Levels

Manual Levels (best method)

  • Levels allow you to brighten or darken an image. It also allows you to set a white & black point.
  • Launch Photoshop Elements 8, if needed.
  • Close "Welcome" screen (Mac) or select "Edit" (PC), if needed.
  • Open image 2-6-levels.jpg (File>Open). You will see image on your screen.
  • Make sure you are "Edit Full" rather then "Edit Quick" mode (Elements specific command, in upper right of screen).
  • Select Enhance>Adjust Lighting>Levels
  • Move the white slider under the histogram until the whites/highlights are to your liking. Hint: if you hold down the option key (Mac) or the alt Key (PC) while moving the slider you can see if anything is "clipped/pure white".
  • Move the black slider under the histogram until the blacks/shadows are to your liking. Hint: if you hold down the option key (Mac) or the alt Key (PC) while moving the slider you can see if anything is "clipped/pure black".
  • Move the center gray slider under the histogram until the mid tone brightness is to your liking.
  • Hit "OK"
  • Save your new file as a new file/name (File > Save As) to a location on your hard drive (not your camera's memory card). Chose file type as TIFF (if possible). Click "OK". Without this step you would "over-write" your existing original file.
  • If you don't have TIFF available, use JPEG. In the next window chose Quality "10" if you are going to burn and deliver a disk to a retail store/lab or print to your home inkjet. Chose Quality "8" if you are going to email the file to a printer/lab. Click "OK". Without this step you would "over-write" your original file.
  • Repeat above with image 2-7-levels.jpg

Auto Levels (quick and easy, but very little control)

  • Levels allow you to brighten or darken an image. It also allows you to set a white and black point.
  • Launch Photoshop Elements 8, if needed.
  • Close "Welcome" screen (Mac) or select "Edit" (PC), if needed.
  • Open image 2-6-levels.jpg (File>Open). You will see image on your screen.
  • Make sure you are "Edit Quick" rather then "Edit Full" mode (Elements specific command, in upper right of screen).
  • There is a "lighting" pallet on the right hand side. Hit the "Auto" button next to the work "levels"
  • If you like the results save your new file as a new file/name (File>Save As) to a location on your hard drive (not your camera's memory card).
  • If you don't like the results (rather likely, auto gives very little control) hit the reset button above the image. Put yourself back in "Standard Edit" mode (upper right of screen) and follow the instruction above for "Manual Levels".

HOMEWORK (in three parts, 4 prints):

Part One (camera menu items):

  • Know where your camera autofocus modes are and how to switch between focus auto select and fixed targets (read manual)

Part two (shutter speed):

  • Use a slow ISO (100 or 200)
  • Use your camera's "Shutter Priority" mode (aka "S" or "Tv" mode)
  • Pick a FAST moving object such as a car, bike, animal or a fast kid
  • Shoot your subject as stop motion (1/1000 to 1/125 shutter)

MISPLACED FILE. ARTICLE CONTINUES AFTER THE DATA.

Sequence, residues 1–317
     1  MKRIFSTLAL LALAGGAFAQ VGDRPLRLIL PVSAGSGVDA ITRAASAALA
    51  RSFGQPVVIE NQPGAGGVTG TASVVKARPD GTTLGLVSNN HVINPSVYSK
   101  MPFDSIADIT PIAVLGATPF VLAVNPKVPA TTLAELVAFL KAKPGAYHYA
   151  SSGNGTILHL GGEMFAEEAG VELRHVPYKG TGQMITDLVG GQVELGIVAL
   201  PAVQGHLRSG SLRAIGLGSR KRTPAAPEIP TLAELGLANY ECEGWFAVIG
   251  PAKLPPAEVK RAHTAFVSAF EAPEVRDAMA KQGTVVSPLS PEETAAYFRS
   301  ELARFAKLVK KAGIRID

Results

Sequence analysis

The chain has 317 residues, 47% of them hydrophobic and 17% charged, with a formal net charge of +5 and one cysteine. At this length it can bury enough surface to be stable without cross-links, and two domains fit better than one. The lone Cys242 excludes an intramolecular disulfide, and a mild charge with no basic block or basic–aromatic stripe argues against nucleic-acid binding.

• Shoot your subject as motion blur (1/15 to 1/60 shutter) Note: if you are using a compact camera, you will need shoot the above motion blur image in shade or evening light, not direct sunlight.
  • Download the files to your computer
  • Resize the files to your choice of print size
  • Optional: Use Photoshop Elements & levels adjustments to make the images look their best.
  • Print images
  • Bring both prints to class

 

speed mode

Note: If your camera doesn't have a "Shutter priority" mode, try using a "sports" or "portrait" mode for the stop motion and a "landscape" mode for the motion blur. This will work on some (not all) camera models.

Part Three (rule of thirds):

  • Find an interesting subject and background.
  • Shoot the subject "dead center" in the frame.
  • Re-arrange your composition so that you place the subject at the intersection of the "rule of thirds" lines
  • Optional: Use Photoshop Elements & levels adjustments to make the images look their best.
  • Bring both prints to class (6 prints total).

 

rule of thirds


OPTIONAL Homework:

Depth of Field OPTIONAL Homework:

  • You will see far more interesting results with a large sensor camera.
  • Use a slow ISO (100 or 200)
  • Use your camera's "Aperture Priority" mode (aka "A mode")
  • Set your zoom between 150mm and 250mm (35mm equivalent)
  • Shoot a CLOSE object/person and a DISTANT background 2 ways
      a. Shallow depth of field (typical setting F/2.8 to F/4)
      b. Large depth of field (typical setting F/8 to F/22)
  • If your camera doesn't have an "A mode", try using a "landscape" mode for the large DOF and a "portrait" or "sports" mode for the shallow DOF.
  • This exercise is best shot outdoors or with a tripod.
  • Download the files to your computer.
  • Resize the files to your choice of print size.
  • Optional: Use Elements & levels adjustments to make the images look their best.
  • Print images
  • Bring prints to class

a mode

Note: If your camera doesn't have an "A mode", try using a "landscape" mode for the large DOF and a "portrait" or "sports" mode for the shallow DOF. This will work on some (not all) camera models.